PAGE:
The MiG-21, nicknamed 'Fishbed' by NATO, was the primary Soviet jet fighter from 1972 onward, opposing the F-15 Eagle and F-14 Tomcat worldwide in a variety of conflicts.The MiG-21 firmly holds the title of the world's most widely built and used jet fighter, with over 10,000 units rolling off the lines of three plants in the former Soviet Union. The type was also built under license in India and Czechoslovakia, and without license in China until the late 2000s. Designed as a Mach-2 light tactical fighter, its original prototype, the Ye-6/1, was first flown in 1958. The first production variant of the type, designated the MiG-21F, appeared in 1960 and its improved sub-variant, the MiG-21F-13 (Type 74, NATO reporting name Fishbed-C), was made available for export by 1961. It was a simplified daytime short-range, clear-weather interceptor and tactical fighter. The MiG-21F-13 featured a relatively weak armament of just two R-3S air-to-air missiles (AA-2 Atoll, a slightly improved reverse-engineered copy of the AIM-9B Sidewinder heat-seeking AAM) with an effective range at low altitude of between 0.27nm/0.5km and 1.1nm/2km. According to its pilots, the MiG-21F-13 was an excellent clear-day interceptor though it had limited combat radius and poor night capability. The light and agile aircraft was designed from the outset to intercept transonic/supersonic bombers and tactical fighters at all altitudes, up to 66,000ft. The MiG-21bis was the last version of the type that took the air for the first time in 1969, with the first production examples rolling off the line in 1972. The MiG-21bis featured a strengthened fuselage, optimised for low-level air combat and ground attack. It was powered by the upgraded R-25-300 turbojet, rated at 40.2kN (9,038lb) dry and 69.65kN (15,653lb) with reheat, featuring a three-minute emergency reheat rating of 97 kN (21,790 lb) at low level. Pilots noted, however, that the heavier 'bis' was much less agile than the MiG-21PF/PFM, and that it behaved like a "bull" in the air while flying the MiG-21PFM was like "riding a stallion." The MiG-21bis was a successful combination of a 1960s airframe and powerplant fitted with a 1970s-vintage analog avionics suite and modern dogfight missiles. By the mid-1980s, although it retained the principal shortcomings of its predecessors - limited operational radius and radar range, lack of beyond-visual-range missiles, poor pilot visibility, mediocre slow speed handling characteristics and high pilot workload, requiring hard training and concentration during the entire sortie - it proved to be an inexpensive and widely popular combat aircraft.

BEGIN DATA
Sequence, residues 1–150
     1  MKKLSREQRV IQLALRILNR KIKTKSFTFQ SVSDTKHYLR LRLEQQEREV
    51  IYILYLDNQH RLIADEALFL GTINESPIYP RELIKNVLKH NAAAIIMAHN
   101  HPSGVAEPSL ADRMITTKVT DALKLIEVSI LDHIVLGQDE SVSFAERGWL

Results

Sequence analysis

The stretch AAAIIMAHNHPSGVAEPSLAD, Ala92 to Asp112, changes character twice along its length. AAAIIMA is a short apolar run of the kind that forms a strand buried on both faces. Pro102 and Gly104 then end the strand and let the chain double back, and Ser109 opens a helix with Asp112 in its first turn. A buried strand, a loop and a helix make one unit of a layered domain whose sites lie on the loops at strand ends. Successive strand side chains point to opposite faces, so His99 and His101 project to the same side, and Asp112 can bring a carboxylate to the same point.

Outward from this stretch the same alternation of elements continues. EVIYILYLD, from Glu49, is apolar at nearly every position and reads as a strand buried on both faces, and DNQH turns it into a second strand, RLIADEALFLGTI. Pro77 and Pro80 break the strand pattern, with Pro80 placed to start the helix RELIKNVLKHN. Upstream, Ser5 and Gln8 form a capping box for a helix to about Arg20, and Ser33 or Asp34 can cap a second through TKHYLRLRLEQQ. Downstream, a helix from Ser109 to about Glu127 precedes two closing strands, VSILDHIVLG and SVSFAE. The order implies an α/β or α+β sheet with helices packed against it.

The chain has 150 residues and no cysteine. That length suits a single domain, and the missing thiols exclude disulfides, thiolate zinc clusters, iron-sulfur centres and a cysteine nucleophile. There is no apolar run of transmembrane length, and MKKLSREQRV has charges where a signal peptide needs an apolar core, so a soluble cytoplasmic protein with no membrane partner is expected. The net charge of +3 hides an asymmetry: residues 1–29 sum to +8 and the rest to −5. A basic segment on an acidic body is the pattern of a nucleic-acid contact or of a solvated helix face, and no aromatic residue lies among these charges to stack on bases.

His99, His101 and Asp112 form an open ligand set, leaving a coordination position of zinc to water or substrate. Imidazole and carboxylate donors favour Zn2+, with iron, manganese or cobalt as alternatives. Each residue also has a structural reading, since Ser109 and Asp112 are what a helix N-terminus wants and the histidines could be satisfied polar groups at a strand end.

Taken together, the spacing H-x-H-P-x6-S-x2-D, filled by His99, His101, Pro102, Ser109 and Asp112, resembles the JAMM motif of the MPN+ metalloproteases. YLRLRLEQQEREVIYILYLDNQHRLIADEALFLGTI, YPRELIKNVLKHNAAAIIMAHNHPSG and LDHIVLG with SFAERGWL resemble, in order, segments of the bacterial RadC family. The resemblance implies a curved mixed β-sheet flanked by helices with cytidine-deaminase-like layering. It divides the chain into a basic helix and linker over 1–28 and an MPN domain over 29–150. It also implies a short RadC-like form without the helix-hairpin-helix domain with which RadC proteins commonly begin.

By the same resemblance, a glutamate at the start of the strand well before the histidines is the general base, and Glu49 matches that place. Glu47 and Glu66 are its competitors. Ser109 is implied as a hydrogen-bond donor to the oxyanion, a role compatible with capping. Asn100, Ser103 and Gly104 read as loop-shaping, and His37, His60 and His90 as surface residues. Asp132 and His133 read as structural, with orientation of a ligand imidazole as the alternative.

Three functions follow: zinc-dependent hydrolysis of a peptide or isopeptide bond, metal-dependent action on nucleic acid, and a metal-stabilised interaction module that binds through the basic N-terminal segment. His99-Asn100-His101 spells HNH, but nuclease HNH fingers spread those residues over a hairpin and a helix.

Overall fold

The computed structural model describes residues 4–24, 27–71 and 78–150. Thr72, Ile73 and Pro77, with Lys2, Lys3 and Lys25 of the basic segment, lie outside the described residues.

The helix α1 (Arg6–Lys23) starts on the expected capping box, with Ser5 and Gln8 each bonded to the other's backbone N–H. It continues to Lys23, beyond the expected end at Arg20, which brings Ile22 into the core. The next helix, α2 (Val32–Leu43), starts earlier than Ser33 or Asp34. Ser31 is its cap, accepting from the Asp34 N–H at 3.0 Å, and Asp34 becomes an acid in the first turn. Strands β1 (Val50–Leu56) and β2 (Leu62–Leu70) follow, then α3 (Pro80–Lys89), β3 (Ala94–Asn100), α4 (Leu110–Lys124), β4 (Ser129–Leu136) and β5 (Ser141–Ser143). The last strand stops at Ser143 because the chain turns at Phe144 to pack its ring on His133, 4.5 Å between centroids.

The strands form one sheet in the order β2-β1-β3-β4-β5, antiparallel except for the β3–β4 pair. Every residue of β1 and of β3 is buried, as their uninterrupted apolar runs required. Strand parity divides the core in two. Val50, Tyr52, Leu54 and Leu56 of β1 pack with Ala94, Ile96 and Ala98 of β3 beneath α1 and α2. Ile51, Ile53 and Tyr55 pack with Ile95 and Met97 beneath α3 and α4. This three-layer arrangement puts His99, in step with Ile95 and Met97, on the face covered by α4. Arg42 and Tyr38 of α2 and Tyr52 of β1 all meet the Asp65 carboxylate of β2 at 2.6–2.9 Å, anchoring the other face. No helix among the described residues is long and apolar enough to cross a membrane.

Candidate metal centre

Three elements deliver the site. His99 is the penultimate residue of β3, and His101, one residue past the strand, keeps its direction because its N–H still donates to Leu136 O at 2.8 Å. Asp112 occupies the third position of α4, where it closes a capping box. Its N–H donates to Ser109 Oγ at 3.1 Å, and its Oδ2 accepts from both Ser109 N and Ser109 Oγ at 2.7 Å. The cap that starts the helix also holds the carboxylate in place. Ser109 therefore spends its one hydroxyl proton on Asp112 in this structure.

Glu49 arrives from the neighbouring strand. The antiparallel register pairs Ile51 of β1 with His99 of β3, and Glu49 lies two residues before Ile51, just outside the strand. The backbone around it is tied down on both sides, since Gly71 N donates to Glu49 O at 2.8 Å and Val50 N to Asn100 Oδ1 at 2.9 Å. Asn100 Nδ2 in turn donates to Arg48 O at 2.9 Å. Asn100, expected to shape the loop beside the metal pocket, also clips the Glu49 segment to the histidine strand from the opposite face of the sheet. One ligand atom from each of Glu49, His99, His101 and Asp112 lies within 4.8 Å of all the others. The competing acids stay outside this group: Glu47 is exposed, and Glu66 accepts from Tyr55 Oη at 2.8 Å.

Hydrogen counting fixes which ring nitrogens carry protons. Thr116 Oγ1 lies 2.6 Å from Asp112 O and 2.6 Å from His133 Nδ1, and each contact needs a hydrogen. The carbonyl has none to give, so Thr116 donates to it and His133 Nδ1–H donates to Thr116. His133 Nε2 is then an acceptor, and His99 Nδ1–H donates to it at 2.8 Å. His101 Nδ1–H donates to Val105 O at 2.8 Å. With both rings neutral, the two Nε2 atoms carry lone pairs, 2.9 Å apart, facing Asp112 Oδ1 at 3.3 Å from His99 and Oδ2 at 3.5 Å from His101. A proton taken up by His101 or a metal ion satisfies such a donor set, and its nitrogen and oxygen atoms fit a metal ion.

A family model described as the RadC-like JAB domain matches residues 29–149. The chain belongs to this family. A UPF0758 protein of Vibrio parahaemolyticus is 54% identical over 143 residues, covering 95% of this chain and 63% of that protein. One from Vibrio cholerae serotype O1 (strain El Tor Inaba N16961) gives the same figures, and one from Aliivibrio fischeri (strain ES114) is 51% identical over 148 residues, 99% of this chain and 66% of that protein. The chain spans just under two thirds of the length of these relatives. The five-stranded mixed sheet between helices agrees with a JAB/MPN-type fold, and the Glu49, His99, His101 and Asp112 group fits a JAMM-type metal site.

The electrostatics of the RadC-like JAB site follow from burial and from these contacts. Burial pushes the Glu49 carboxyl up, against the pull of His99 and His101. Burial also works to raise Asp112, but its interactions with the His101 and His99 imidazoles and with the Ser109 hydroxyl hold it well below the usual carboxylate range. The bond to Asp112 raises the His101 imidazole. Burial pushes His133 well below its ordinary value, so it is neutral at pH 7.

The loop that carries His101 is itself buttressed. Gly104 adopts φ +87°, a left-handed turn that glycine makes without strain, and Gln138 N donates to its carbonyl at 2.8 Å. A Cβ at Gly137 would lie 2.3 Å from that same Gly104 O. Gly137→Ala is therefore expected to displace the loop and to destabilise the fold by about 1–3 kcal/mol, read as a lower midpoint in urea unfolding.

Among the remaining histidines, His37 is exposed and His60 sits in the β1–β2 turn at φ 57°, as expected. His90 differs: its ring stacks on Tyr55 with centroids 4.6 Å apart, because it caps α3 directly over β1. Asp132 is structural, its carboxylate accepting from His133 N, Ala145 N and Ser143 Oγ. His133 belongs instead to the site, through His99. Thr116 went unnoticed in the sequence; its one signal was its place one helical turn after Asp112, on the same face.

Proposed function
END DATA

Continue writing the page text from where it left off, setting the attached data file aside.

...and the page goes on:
The Republic F-105 was the fastest and most successful Cold War strike fighter. Designed to deliver nuclear weapons at low altitude and then fight its way back to base it was the primary weapon in the USAF's world-wide tactical strike arsenal in the early 1960s. Thunderchief pilots in Europe, the Far East and the USA stood on short-notice alert, ready to take on formidable defences in their supersonic attacks on pre-planned Communist bloc targets. However, the F-105 achieved legendary status in a very different conflict. When direct American involvement in Vietnam began in 1964 F-105s were deployed to the area, initially as a deterrent but increasingly as conventional attack fighters against insurgency in Laos and Vietnam. As the pace of war increased and bombing of North Vietnam began in 1965 the Thunderchief was the most important weapon in attacks against the most heavily defended territory in modern history. Two wings of F-105s, manned by pilots whose experience often included combat in WWII and Korea, performed truly heroic deeds in an environment where the political and tactical odds were usually stacked against them. Flying long distances from their bases in Thailand the fighters maintained daily attacks on military, transport and industrial targets, braving deadly Soviet anti-aircraft missiles and flak 'thick enough to walk on' (in the words of one pilot). Additionally, they shot down at least 27 North Vietnamese MiG fighters in eighteen months, more than half the total scored by the official F-4 Phantom II anti-MiG escorts in that period. However, the cost was unacceptably high: 330 out of a total production of 753 F-105Ds and two-seat F-105Fs were lost in combat, curtailing the type's front-line service. The two-seat F-105F, initially produced as a trainer, became a vital pioneer in the field of electronic warfare. Specially-equipped examples used new technology to detect and defeat Soviet radar guided missiles and anti-aircraft guns introducing revolutionary tactics in SEAD (suppression of enemy air defences) which are still in use today. They provided essential support to the Linebacker operations that ended the war in 1972 and continued in service after the surviving single-seat F-105s had been relegated to reserve duties. Historically and technically the F-105 epitomises the 'faster and higher' design philosophy of 1950s aircraft technology. Its designer, Alexander Kartveli, was responsible for the WW II P-47 Thunderbolt and a series of F-84 fighter designs that gave the USAF its first credible jet striker for the Korean War and the basis of its tactical nuclear strike capability in the 1950s. The F-105 marked the climax of this design process, creating a fighter which could out-run any MiG at low altitude and project US air power at long range in ways that defeated the most sophisticated air defences. Visually, the F-105 was an impressively large and dramatic-looking fighter. In combat service it acquired a wide range of colour schemes (including that of the Thunderbirds aerobatic team) and wartime artwork that lead to attractive illustrative material. Despite its undoubted importance, popularity and its legendary combat record the type has attracted comparatively slight attention from publishers and nothing (at least, since the 1960s Profile Publications) that presents its full story in the compact but thorough form that an Air Vanguard could offer to a wide range of enthusiasts and students.